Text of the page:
Review: The Wizard of Oz at the Birmingham Repertory Theatre

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The REP Theatre has taken us down the yellow brick road this festive season – and it is nothing like you’ve ever seen before. It could only be described as a truly spellbinding refresh.

79 years after the release of the classic film where Judy Garland warmed our hearts, and countless stage performances worldwide, the REP took a new direction.

Their modern manipulation of the cast, set, costumes and puppetry has brought Victor Fleming’s production into the 21st Century.

Based upon L. Frank Baum’s children’s book, The Wizard of Oz follows young and naïve farm girl Dorothy Gale who is swept away on a hurricane to a magical land with her dog Toto, and she goes on her biggest adventure ever to find the wonderful Wizard of Oz to get her home.

She encounters friends like the Scarecrow, Tinman and the Cowardly Lion, and enemies such as the Wicked Witch of the West who is determined to snatch Dorothy’s magical ruby slippers from her feet.

Playing Dorothy, Chisara Agor ditches the farm girl dress and basket for dungarees and Doc Marten boots, splashing the character with tomboyish charm. Despite being the young girl wanting to go back to Kansas, Agor turned Dorothy into a leader with a headstrong attitude and amazing dancing skills.

Directed by Liam Steel, he rejuvenates the classic fantasy with diverse cast members, dynamic choreography and transitions, you get lost in the magical performance that every individual gives on stage.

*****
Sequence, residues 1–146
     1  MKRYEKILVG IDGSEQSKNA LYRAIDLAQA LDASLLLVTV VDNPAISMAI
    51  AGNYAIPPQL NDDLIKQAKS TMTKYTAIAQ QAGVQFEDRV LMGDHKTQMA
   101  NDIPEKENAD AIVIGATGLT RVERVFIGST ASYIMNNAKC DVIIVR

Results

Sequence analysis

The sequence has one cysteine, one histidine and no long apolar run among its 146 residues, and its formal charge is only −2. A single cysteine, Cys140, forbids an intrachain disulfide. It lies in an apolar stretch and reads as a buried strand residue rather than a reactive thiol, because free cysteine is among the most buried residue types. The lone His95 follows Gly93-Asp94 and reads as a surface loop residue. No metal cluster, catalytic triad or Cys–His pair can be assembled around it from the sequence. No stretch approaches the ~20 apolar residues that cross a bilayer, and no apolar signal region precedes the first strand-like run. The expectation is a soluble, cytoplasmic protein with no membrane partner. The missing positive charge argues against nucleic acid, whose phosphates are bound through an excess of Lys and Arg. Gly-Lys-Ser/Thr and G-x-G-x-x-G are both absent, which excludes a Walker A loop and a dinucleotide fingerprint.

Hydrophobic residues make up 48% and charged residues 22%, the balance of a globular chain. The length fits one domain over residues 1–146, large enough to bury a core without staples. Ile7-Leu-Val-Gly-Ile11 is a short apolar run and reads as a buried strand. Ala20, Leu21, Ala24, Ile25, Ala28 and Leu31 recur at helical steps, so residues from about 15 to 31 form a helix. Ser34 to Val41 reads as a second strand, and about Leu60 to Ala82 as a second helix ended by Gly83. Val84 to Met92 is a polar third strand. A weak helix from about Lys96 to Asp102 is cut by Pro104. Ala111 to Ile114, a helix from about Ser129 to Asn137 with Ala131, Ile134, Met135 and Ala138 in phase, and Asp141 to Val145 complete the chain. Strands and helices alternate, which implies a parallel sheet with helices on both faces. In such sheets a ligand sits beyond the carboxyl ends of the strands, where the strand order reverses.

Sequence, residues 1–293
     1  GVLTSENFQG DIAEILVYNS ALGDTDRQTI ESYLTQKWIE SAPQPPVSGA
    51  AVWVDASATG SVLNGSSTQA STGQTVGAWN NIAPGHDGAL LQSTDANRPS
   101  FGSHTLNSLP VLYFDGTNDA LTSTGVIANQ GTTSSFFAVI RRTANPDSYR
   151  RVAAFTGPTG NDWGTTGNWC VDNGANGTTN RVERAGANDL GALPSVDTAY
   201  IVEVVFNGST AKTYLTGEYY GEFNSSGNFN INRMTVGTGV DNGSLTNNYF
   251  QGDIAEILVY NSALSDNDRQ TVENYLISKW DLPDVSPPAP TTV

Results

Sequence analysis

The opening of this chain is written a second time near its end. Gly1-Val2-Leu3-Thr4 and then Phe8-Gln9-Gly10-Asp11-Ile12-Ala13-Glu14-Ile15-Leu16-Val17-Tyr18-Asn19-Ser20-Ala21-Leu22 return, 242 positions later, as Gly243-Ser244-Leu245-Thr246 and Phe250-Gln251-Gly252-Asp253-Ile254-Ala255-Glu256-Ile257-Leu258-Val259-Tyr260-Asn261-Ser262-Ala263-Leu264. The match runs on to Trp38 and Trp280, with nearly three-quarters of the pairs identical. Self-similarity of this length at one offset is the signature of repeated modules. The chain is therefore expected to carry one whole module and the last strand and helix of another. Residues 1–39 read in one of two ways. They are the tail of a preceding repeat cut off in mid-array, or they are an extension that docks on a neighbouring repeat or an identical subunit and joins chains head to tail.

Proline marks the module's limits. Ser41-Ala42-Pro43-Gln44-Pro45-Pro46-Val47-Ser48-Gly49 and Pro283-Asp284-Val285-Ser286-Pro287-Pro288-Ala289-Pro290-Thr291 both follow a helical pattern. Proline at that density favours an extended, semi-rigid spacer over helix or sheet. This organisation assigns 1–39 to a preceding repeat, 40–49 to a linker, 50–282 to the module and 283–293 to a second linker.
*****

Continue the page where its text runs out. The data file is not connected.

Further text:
The set comprises of a large skeleton of the barn, which morphs into every scene to present that Dorothy was never far from home – from Munchkinland to the Witch’s Castle, the use of minimal set and neon lights, intertwining contemporary theatre with the traditional plot.

The comedy was phenomenal – Kelly Agbowu had the audience roaring with laughter with her performance of the Cowardly Lion, along with her astounding, soulful vocals.

The Scarecrow (Ed Wade) and the Tinman (Dillon-Scott-Lewis) gave a truly authentic performance with their flimsy and robotic movements.

The journey these four friends take, while challenging obstacles from the sassy Wicked Witch of the West (Joe Vantyler), is portrayed through minimalist scenes and enchanting choreography from cast and ensemble.

What makes this production stand out from the rest is the imaginative use of puppetry and acrobatics.

For Toto and the Munchkins, every movement is animated precisely by one actor – Toto is brought to life through curious wags of his tail, perked-up ears and barking.

The astounding technical work combined with spellbinding acting – you’ll never want to see another show like this one. It really is time to treat yourself to this theatrical Christmas extravaganza.

The Wizard of Oz is on now at the REP until 13 Jan 2019.

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